FIG. 2 shows a perspective view of the support 9 according to a first embodiment of the invention. The support 9 formed from a single sheet metal cutting can be substantially divided into three elements 10, 11, 12 extending over its entire height, each of which is unitarily interconnected along vertical buckling or bending edges 13. The two outer elements 10, 12 are aligned in longitudinal direction of the support 9, that is substantially vertically and in longitudinal direction, run along a substantially vertical cut plane substantially in a straight line. In the middle element 11, a vertically oriented bead 14 interrupted at half the height of the support 9 is stamped in. The depth of the bead 14 continuously increases from the interruption 15 toward the top and toward the bottom, which gives the element 11 a curved shape in longitudinal direction. At the lower edge of the element 11 a strap 16 for fastening to the wheelhouse 5 is angled off.
 The lateral elements 10, 12 in FIG. 2 are shown exactly in a straight line for the sake of simplicity; however, through the stamping of the bead 14 in the middle element 11 they can likewise be slightly curved in cross section, more preferably along the bending edges 13.
 The upper end of the support 9 is formed by two horizontal triangular face plates 17, each of which has an edge connected to the middle element 11 and an edge connected to the outer element 10, 12. The face plates 17 can be molded in one operation with the elements 10, 11, 12 through deep drawing; it is also conceivable to use a sheet metal blank with four triangular straps protruding along the upper edges of the elements 10, 11, 12 and to form the face plates 17 in that in each case two of the straps are angled off, folded over each other and for example connected to each other for example through spot welding.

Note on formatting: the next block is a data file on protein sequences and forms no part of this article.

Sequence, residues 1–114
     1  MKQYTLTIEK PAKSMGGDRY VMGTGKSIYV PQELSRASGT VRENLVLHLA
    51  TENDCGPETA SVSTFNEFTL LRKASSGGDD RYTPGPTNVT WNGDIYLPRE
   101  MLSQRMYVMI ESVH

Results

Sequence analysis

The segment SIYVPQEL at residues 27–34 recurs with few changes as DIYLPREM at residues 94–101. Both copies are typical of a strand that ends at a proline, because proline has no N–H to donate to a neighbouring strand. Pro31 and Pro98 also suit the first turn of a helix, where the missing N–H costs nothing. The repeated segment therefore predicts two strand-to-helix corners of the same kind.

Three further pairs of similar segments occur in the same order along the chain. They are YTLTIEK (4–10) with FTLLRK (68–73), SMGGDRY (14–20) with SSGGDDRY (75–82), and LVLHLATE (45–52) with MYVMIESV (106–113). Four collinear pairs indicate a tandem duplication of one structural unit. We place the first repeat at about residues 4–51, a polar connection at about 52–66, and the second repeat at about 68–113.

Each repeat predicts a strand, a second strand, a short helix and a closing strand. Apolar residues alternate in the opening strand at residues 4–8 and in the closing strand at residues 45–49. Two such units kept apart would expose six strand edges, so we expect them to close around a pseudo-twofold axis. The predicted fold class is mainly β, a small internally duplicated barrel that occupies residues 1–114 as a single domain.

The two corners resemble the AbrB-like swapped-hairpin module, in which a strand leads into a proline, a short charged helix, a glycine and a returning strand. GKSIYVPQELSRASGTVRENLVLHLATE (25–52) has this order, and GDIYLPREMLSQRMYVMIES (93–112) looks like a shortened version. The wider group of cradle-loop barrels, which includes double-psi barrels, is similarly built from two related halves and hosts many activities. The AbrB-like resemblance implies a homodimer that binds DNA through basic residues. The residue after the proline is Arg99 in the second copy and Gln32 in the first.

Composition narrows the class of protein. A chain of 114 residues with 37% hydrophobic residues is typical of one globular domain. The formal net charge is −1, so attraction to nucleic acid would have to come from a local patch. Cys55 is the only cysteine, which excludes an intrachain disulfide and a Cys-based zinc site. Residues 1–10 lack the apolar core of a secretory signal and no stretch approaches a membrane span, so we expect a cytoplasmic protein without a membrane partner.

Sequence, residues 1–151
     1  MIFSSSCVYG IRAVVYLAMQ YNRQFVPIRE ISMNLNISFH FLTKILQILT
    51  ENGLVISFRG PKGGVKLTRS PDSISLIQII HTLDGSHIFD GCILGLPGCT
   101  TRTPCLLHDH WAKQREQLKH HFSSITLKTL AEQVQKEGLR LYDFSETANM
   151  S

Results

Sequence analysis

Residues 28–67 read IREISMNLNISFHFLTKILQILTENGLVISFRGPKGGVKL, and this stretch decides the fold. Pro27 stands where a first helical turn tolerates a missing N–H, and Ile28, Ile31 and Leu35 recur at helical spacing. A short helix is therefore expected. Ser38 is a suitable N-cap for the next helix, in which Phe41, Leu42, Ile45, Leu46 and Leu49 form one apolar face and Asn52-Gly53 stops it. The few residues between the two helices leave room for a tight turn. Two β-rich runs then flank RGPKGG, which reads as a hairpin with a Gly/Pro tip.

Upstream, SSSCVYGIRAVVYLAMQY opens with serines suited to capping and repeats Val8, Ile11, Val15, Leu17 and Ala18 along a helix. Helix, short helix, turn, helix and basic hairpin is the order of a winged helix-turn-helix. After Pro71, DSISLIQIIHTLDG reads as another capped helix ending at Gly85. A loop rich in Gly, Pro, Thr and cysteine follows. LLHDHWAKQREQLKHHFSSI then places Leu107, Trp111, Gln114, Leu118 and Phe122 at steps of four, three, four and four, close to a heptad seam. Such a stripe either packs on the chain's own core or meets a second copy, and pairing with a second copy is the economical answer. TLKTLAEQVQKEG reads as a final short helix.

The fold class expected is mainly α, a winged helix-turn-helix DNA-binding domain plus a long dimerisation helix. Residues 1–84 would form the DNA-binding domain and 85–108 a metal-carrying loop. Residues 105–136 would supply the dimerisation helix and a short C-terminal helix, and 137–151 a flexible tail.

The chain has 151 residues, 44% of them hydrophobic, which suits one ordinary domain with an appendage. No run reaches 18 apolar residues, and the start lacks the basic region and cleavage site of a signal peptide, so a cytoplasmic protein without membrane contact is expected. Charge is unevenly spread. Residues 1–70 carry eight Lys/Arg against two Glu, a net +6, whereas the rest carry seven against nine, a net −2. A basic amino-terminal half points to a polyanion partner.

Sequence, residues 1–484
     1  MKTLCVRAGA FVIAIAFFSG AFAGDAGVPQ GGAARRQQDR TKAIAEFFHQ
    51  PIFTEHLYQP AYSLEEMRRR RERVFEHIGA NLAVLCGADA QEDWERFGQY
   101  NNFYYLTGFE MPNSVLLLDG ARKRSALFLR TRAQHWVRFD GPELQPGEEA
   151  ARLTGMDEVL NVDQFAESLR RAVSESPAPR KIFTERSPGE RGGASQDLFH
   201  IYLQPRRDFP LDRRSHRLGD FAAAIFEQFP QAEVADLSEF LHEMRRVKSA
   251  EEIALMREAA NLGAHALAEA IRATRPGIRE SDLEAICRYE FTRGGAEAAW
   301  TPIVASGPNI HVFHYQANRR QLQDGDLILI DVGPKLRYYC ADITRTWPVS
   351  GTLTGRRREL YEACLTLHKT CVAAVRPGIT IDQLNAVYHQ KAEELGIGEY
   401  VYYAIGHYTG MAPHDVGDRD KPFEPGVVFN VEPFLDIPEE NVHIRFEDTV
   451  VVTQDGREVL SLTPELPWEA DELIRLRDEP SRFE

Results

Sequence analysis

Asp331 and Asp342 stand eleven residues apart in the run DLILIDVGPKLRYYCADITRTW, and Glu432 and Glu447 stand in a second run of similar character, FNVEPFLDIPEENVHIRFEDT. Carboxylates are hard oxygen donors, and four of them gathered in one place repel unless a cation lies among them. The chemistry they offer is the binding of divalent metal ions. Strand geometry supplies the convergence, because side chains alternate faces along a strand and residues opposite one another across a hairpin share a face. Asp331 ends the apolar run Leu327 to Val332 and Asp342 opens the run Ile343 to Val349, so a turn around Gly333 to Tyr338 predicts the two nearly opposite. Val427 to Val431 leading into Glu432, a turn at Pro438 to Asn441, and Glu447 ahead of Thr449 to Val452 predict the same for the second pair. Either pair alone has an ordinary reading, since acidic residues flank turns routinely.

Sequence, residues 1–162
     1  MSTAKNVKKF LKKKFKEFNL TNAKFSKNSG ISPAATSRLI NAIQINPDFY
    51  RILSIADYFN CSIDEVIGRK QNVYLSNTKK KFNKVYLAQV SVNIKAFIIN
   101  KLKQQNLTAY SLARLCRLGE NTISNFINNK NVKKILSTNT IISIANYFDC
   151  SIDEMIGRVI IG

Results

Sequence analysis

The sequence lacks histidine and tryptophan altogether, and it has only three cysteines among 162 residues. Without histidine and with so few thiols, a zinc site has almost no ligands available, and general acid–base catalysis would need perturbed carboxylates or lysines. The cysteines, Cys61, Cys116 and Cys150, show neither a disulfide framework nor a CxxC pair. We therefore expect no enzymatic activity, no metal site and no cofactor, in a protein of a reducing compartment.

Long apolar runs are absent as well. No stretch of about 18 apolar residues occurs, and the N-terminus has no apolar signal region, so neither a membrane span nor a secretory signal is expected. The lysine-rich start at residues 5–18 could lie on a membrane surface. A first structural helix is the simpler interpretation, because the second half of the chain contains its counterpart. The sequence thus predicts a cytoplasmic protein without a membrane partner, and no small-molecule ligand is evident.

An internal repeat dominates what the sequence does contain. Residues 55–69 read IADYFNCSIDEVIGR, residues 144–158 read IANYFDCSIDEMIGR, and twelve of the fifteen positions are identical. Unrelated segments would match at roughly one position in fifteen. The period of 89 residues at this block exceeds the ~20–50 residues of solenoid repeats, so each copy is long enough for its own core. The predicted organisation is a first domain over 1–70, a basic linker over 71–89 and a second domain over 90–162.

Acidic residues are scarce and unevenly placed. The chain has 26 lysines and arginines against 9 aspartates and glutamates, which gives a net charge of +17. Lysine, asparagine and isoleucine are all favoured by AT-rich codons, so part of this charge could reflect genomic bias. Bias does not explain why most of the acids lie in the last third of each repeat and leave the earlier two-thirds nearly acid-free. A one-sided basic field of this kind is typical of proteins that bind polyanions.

Corresponding triangular face plates 18 and a strap 16 connected to these and serving for the fastening of the support 9 to the wheelhouse 5 are formed at the lower end of the support 9.
 The concave side of the support 9 facing the beholder in FIG. 2 faces the engine compartment in the assembled state, as is evident in FIG. 1.
 When the support during an impact is crushed, the middle region of the element 11 yields away from the engine compartment toward the adjacent fender 4. Between the support 9 and the fender 4 a free space, whose width corresponds at least to half the height of the support 9, is kept free so that said support can buckle at the height of the interruption 15 and the legs of the support 9 forming above and below the interruption 15 in the process, can substantially position themselves down flat between the engine hood 3 and the wheelhouse 5. Thus the hood 3 during an impact can practically yield over the entire height of the support 9.
 When the support 9 of FIG. 2 buckles, the with the hood 3 upper face plates 17 can turn freely, but not the lower face plates 18 resting on the wheelhouse 5. For this reason folds can form in the elements 10, 11, 12 during buckling which cross the bending edges 13 and the load, at which fold formation commences, can be quite high and vary from case to case. FIG. 3 shows a second configuration of the pillar 9, wherein a strap 16 for fastening to the wheelhouse 5 is connected to a lower edge of the element 11 along a straight bending edge 19. Here, the lower half of the bead 14 reaches its maximum depth at approximately a quarter of the height of the support 9 and with increasing approaching of the bending edge 19 the depth of the bead 14 again tends to zero. If this support 9 yields under load the bending edge 19 is bent open without folds crossing the bending edges 13 being formed. This results in an even, reproducible deceleration effect.